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# Finding a minimal cost tree for the network

Bob
Guest
Posts: n/a

 04-30-2005
All,

Any one from this group can help me to solve this problem please!!!

Thanks
Bob.

The cost for a communication line between two stations is proportional
to the length of the line. The cost for conventional minimal spanning
trees of a set of stations can often be cut by introducing "phantom"
stations and then constructing a new Steiner tree. This device allows
costs to be cut by up to 13.4% (= 1- sqrt(3/4)). Moreover, a network
with n stations never requires more than n-2 points to construct the
cheapest Steiner tree. Two simple cases are shown in Figure 1.
For local networks, it often is necessary to use rectilinear or
"checker-board" distances, instead of straight Euclidean lines.
Distances in this metric are computed as shown in Figure 2.

Suppose you wish to design a minimum costs spanning tree for a local
network with 9 stations. Their rectangular coordinates are: a(0,15),
b(5,20), c(16,24), d(20,20), e(33,25), f(23,11), g(35,7), h(25,0)
i(10,3). You are restricted to using rectilinear lines. Moreover, all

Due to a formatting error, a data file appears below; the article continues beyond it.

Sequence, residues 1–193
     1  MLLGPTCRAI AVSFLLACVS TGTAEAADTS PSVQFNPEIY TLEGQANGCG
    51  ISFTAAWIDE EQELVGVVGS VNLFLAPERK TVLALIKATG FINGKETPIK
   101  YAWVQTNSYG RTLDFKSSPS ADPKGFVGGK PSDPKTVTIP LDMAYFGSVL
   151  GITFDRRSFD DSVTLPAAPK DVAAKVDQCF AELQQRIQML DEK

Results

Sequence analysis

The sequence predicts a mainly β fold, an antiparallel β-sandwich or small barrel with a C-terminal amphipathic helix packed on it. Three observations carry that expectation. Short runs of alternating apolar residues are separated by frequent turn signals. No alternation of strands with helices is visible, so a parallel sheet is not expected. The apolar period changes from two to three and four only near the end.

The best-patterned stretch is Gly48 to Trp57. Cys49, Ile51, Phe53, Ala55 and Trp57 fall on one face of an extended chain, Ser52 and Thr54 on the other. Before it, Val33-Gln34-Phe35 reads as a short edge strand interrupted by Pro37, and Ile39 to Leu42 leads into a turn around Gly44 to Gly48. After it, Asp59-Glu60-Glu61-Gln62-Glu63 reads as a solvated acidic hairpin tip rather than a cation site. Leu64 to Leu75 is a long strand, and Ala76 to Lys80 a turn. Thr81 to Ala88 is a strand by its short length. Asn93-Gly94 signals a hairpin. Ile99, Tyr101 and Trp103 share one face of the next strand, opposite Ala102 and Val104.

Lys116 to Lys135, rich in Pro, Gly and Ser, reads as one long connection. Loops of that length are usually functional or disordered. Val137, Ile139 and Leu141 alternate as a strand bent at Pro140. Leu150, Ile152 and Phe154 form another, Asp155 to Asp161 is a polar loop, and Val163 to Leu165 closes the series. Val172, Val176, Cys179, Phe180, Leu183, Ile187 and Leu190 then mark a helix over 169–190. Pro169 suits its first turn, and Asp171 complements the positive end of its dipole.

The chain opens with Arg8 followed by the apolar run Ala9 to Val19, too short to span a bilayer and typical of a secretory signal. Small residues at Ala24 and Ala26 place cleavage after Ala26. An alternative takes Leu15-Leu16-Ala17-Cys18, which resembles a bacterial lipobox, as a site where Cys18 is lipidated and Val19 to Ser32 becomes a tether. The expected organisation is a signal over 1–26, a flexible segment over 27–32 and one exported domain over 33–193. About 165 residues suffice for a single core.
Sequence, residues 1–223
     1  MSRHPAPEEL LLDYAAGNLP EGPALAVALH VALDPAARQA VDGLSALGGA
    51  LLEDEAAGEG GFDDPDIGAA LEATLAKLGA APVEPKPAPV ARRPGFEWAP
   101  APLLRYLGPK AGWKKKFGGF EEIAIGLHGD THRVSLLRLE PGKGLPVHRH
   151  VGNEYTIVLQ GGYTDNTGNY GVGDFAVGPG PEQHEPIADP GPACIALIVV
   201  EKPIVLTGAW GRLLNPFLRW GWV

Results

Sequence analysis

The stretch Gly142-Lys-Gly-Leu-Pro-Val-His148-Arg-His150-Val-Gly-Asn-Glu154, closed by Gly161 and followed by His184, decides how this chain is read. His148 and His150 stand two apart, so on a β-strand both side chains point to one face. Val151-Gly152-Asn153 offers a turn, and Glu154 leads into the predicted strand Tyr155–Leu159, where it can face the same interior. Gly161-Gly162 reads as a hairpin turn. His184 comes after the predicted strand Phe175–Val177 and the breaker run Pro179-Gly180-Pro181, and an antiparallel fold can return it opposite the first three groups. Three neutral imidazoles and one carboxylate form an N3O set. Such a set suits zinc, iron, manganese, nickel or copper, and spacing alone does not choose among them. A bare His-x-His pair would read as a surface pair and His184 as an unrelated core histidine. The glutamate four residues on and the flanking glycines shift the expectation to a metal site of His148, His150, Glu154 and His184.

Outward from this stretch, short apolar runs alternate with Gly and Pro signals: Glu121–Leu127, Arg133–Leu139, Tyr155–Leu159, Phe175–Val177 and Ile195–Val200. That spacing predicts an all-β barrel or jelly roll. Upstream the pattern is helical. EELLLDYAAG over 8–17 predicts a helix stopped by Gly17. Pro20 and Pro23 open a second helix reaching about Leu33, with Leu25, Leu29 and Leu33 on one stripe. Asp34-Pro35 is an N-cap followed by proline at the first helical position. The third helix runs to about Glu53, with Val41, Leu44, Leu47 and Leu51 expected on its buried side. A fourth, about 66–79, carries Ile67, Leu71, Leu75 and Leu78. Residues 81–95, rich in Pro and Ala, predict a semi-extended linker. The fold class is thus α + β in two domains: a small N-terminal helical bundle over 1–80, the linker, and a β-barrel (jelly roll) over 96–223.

"phantom" stations must be located at lattice points (i.e., the
coordinates must be integers). The cost for each line is its length.

Find a minimal cost tree for the network.

Patricia Shanahan
Guest
Posts: n/a

 04-30-2005
Bob wrote:
> All,
>
> Any one from this group can help me to solve this problem please!!!
>
> Thanks
> Bob.
>
> The cost for a communication line between two stations is proportional
> to the length of the line. The cost for conventional minimal spanning
> trees of a set of stations can often be cut by introducing "phantom"
> stations and then constructing a new Steiner tree. This device allows
> costs to be cut by up to 13.4% (= 1- sqrt(3/4)). Moreover, a network
> with n stations never requires more than n-2 points to construct the
> cheapest Steiner tree. Two simple cases are shown in Figure 1.
> For local networks, it often is necessary to use rectilinear or
> "checker-board" distances, instead of straight Euclidean lines.
> Distances in this metric are computed as shown in Figure 2.
>
> Suppose you wish to design a minimum costs spanning tree for a local
> network with 9 stations. Their rectangular coordinates are: a(0,15),
> b(5,20), c(16,24), d(20,20), e(33,25), f(23,11), g(35,7), h(25,0)
> i(10,3). You are restricted to using rectilinear lines. Moreover, all
> "phantom" stations must be located at lattice points (i.e., the
> coordinates must be integers). The cost for each line is its length.
>
> Find a minimal cost tree for the network.
>

rectilinear distance minimum steiner tree

It produced several useful-looking hits.

In particular:

http://portal.acm.org/citation.cfm?id=238997.239033

@article{239033,
author = {Joseph L. Ganley and James P. Cohoon},
title = {Rectilinear Steiner trees on a checkerboard},
journal = {ACM Trans. Des. Autom. Electron. Syst.},
volume = {1},
number = {4},
year = {1996},
issn = {1084-4309},
pages = {512--522},
doi = {http://doi.acm.org/10.1145/238997.239033},
publisher = {ACM Press},
address = {New York, NY, USA},
}

Patricia